A week of protest by German doctors frustrated by their working conditions culminated in a demonstration that saw thousands take to the streets on Wednesday. They were right to do so, says DW's Karl Zawadzky.
There's no relief in sight for Germany's frustrated doctors
The anger of doctors, whether they are employed by a hospital or have their own practice, is understandable. Assistant doctors and an increasing number of senior physicians in hospitals feel they're being exploited.
Workdays that routinely involve massive amounts of poorly paid or even unpaid overtime are simply unreasonable -- not to mention the danger it poses to patient's lives.
Hospital directors also feel victimized. The fact is, clinics are being confronted with enormous cost saving measures. If they can't make it with what little money they have, they face closure. Due to the pressure to save, the hospitals that remain have to make do with fewer beds. In some cases entire wards are being closed, and each year, the average length of time patients spend in hospital gets shorter.
"The system is sick" reads this protestor's sign
Doctors who have their own practices are also suffering from the funding shortage. The days when opening a practice automatically ensured prosperity for doctors are long over. Today, the threat of bankruptcy hangs over many a private practice. Doctors still enjoy a certain standing in society, but the reality of daily life in hospitals and clinics is humbling, and future prospects are grim.
For this reason, more and more newly qualified doctors are leaving Germany to work in other European countries, or the United States, where working conditions are much better.
Doctors feel as if they're in the grip of a vise -- caught between the expectations of their patients and the cost-saving measures dictated to them by the government. It's a development that can only lead to the rationing of medical services. At the same time, the ministry of health makes promises to politicians and the public that doctors are frequently unable to fulfill. That's what's driving our doctors onto the streets.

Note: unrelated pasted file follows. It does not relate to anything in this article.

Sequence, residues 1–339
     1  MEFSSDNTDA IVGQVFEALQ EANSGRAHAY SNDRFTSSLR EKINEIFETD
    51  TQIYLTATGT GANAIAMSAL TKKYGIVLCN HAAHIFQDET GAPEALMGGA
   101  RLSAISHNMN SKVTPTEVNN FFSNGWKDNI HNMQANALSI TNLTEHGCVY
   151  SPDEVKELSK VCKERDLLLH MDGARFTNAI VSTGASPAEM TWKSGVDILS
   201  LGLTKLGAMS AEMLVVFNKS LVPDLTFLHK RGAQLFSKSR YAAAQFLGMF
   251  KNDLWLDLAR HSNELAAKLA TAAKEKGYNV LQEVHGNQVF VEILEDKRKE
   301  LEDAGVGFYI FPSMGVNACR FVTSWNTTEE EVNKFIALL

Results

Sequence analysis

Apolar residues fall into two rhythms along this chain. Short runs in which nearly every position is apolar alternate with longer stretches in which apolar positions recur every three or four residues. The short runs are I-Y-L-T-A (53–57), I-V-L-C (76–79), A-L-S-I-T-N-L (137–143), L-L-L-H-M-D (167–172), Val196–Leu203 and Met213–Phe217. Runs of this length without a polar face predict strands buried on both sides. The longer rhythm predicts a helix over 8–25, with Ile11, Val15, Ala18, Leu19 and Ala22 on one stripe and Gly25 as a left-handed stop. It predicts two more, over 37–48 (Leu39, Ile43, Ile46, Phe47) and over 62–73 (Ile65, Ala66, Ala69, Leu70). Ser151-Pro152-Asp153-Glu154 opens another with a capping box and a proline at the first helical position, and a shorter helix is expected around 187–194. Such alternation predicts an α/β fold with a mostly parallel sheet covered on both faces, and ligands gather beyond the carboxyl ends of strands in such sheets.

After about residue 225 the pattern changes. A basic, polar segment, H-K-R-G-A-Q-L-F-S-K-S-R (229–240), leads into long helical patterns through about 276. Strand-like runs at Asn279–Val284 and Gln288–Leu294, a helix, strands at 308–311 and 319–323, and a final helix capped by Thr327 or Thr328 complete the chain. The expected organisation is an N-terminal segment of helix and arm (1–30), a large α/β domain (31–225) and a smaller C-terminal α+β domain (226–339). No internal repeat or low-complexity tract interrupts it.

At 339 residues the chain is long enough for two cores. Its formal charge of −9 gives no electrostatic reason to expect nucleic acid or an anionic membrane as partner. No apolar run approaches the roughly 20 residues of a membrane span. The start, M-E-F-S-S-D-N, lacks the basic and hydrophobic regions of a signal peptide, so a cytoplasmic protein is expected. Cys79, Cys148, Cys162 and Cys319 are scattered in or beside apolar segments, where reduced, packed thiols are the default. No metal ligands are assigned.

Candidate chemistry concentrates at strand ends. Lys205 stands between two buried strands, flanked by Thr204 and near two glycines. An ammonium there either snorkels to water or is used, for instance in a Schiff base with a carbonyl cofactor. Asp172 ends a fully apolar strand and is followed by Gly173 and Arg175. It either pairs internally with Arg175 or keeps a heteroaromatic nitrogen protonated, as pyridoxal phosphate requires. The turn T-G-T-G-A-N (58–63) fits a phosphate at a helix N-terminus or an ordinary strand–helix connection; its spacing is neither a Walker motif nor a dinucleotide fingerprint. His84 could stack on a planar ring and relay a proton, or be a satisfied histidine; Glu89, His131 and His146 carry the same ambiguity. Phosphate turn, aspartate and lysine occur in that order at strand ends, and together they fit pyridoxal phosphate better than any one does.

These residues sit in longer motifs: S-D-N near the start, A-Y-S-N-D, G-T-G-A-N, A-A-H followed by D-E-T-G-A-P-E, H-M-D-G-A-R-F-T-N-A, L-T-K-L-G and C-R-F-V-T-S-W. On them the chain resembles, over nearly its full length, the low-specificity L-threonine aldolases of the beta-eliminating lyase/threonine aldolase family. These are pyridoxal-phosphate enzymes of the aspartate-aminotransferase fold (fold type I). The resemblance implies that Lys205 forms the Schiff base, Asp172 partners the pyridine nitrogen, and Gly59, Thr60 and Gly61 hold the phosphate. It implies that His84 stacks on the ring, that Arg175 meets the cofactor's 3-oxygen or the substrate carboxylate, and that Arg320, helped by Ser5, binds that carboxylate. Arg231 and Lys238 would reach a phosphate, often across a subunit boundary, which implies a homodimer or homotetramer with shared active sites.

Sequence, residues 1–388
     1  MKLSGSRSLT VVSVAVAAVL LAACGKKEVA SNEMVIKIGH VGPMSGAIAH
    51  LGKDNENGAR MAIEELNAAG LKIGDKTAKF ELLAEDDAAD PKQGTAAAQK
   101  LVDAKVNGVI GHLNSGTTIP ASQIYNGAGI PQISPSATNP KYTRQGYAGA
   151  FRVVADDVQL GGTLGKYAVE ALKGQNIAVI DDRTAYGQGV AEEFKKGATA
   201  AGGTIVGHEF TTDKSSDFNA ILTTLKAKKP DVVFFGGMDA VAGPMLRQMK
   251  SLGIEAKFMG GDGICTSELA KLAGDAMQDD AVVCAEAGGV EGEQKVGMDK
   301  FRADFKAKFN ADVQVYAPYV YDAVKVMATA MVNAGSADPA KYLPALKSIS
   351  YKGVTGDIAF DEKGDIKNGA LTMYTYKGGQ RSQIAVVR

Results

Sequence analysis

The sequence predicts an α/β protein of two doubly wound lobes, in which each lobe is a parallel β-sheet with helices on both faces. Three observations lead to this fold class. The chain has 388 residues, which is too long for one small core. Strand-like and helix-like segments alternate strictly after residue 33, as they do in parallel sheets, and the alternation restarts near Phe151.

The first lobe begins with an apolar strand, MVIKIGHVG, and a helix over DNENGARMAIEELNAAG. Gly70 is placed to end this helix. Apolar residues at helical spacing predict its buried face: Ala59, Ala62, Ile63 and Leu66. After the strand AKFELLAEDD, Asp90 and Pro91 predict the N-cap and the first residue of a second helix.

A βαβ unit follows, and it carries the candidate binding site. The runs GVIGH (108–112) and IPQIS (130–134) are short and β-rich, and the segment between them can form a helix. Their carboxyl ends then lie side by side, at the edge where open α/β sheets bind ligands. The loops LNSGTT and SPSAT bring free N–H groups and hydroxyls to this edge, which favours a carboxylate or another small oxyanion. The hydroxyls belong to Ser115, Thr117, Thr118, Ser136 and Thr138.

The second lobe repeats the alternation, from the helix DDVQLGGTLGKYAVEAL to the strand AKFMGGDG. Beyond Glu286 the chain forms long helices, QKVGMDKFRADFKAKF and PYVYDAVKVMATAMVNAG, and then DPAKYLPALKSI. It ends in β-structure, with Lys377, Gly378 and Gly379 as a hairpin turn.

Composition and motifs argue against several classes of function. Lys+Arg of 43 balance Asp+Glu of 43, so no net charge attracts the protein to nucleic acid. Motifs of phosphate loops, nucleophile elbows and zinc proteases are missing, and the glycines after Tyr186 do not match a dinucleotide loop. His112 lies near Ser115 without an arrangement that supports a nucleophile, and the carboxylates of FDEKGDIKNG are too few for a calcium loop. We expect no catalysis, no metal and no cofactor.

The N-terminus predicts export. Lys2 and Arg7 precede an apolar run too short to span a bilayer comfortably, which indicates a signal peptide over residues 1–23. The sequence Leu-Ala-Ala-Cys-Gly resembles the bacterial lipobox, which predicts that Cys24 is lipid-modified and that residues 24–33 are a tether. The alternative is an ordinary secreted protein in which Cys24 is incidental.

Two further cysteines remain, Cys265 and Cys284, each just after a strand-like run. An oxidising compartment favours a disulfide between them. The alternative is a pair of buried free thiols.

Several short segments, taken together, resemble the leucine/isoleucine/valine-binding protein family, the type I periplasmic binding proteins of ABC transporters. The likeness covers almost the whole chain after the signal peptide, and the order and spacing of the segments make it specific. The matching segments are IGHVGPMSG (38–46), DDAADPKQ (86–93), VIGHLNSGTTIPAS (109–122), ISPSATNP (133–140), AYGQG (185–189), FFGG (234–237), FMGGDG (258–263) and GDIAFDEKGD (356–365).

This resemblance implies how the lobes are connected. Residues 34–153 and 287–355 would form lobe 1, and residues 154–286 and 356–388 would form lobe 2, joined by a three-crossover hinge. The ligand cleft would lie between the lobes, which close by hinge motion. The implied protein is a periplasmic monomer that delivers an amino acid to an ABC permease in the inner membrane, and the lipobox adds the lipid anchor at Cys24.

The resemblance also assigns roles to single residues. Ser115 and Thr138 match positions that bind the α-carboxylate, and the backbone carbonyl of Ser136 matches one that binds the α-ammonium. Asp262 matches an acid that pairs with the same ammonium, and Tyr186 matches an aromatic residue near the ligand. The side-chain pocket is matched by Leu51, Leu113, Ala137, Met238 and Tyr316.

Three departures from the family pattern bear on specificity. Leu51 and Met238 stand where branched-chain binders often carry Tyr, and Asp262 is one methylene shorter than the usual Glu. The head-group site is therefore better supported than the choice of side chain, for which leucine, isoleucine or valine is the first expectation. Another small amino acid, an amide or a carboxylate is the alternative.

However it may seem to outsiders, the reality is that healthcare in Germany is not subject to political whim. Rather, the framework for the provision of care has changed dramatically for the worse. For many years now, employee contributions to health insurance funds have been dropping. Meanwhile, medical advances mean that people are living longer than ever -- something that is coupled with enormous costs. Add to this Germany's demographic shift: soon, the number of Germans of employment age will decline, relative to the number of senior citizens, which is going up. Health insurance funds with shrinking means will face increasing demand for services.
When it comes to healthcare, Germany -- in addition to many other industrialized nations -- faces a huge challenge. Dramatically rising expenditure levels are unavoidable if patients are to receive optimal care. And that means the cost of health insurance will also rise. The result is predictable -- patients will have to bear increasing costs for healthcare in the form of insurance contributions or co-payments for services. Or else, medical treatment will be rationed. It is the job of politicians to make the situation clear to the public. Doctors are right to protest when government makes promises that can't be borne out financially, or else come to bear on those people who work in the healthcare sector.